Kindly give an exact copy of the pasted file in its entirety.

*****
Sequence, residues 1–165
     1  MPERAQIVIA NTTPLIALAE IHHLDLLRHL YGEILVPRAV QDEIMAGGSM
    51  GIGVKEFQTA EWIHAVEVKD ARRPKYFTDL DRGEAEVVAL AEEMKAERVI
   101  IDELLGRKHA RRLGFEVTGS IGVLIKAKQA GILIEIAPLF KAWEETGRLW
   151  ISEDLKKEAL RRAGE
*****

Sequence, residues 1–165
     1  MPERAQIVIA NTTPLIALAE IHHLDLLRHL YGEILVPRAV QDEIMAGGSM
    51  GIGVKEFQTA EWIHAVEVKD ARRPKYFTDL DRGEAEVVAL AEEMKAERVI
   101  IDELLGRKHA RRLGFEVTGS IGVLIKAKQA GILIEIAPLF KAWEETGRLW
   151  ISEDLKKEAL RRAGE